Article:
GrumpyGrandpa5:27 pm 22 Apr 23

“Those two women represent the angry and the forgotten. You may not like it, but this is a good thing”.

There is a big difference between Pauline Hanson and Lidia Thorpe.

Hanson calls it as she she’s it. She supports what she considers old fashioned values. She doesn’t believe minority groups should get special treatment, which has seen her accused of being racist. She has a party with policies. She isn’t very articulate.

Thorpe was elected on the tailcoat of the Greens, but left the party and now has no rules or policies to confine or define her. She undermines the Senate and Australia’s political process. Her own father has labelled her as a radicalised racist. She is educated and articulate.

If Ms Thorpe is re-elected in 2028, after her “Greens” term expires, then she has earnt her stripes and can stand beside Ms Hanson. But at this stage, she doesn’t act like someone deserving of being a Senator, and her presence in the Senate is not a good thing.

“There is a big difference between Pauline Hanson and Lidia Thorpe.”
One of the big differences you forgot to mention is that Hanson was disendorsed as the Liberal candidate for the seat of Oxley immediately prior to the 1996 election – but too late for the ballot papers to show her as an independent … so she was elected on the “tailcoat of the Liberals” and then able to build a profile that ultimately led to her election as a senator. On the other hand, Thorpe left the Greens – despite that fact she was encouraged to remain by her colleagues.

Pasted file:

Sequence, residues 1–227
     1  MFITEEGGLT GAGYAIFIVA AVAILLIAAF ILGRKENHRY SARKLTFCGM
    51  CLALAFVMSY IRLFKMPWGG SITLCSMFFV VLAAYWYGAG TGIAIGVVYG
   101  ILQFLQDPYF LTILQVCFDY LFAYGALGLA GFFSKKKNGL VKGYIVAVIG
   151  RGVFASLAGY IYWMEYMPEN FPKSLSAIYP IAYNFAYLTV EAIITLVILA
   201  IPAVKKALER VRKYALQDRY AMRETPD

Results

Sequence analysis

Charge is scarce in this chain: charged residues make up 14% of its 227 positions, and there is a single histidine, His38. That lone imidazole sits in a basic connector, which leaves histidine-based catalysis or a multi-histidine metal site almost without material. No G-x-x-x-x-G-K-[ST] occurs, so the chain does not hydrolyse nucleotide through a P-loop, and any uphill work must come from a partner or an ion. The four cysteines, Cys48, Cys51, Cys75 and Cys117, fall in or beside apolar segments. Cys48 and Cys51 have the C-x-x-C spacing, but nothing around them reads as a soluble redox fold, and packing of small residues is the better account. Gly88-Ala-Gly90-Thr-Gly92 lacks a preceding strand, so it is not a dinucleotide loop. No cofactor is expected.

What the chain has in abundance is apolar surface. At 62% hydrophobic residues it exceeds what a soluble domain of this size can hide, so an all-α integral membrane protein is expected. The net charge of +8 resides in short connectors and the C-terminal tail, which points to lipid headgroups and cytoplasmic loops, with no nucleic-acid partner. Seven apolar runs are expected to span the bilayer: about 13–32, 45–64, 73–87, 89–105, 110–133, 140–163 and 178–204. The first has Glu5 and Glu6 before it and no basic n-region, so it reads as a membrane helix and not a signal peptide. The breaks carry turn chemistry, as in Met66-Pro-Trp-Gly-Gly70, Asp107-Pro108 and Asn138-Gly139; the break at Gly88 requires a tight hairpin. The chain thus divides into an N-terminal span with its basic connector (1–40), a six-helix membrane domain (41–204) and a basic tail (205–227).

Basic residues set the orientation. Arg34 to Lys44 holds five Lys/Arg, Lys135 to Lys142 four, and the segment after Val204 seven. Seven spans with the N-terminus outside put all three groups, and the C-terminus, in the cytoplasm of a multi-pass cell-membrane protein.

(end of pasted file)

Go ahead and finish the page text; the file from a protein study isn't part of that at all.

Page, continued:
“… accused of being racist.”
I suppose you think that when she told a fellow senator, on social media, to ““p*** off back to Pakistan” Hanson was just offering travel advice?

While I don’t agree with Thorpe’s publicity grabbing antics, please don’t try to paint Hanson as a saint.

I regret I have no idea how you go about becoming a Senator, even after having a quick read of the Australian Electoral Commission ‘go to page’ on the Senate


.I am more confused than before, especially the part called

”Any surplus votes from elected candidates (votes in excess of the quota they need), are transferred to the candidates who were the second choice of voters on those ballot papers. Because it is not possible to determine which votes actually elected the candidate and which votes are surplus, all the elected candidate’s ballot papers are transferred at a reduced rate.”

One of the main things I can remember about the Senate, apart from Senator Linda, are the words from former PM Keating and his views on the Senate
`unrepresentative swill’.

Have to admit, the thing about it being a safeguard for States rights, seems to have flown straight through the window.

Sent from Mail for Windows

Interesting read, David. Well done

Trevor Willis1:37 pm 22 Apr 23

She is a self-centred, loud-mouthed idiot who simply wants to shock people with her pranks. She was voted in on the Green ticket. When she deserted them she should have resigned to see if she would be voted in as an Independent

@Trevor Willis
I thought you were talking about Pauline Hanson, until I got to “She was voted in on the Green ticket”

Her selection by the Greens confirmed why I could never vote for them.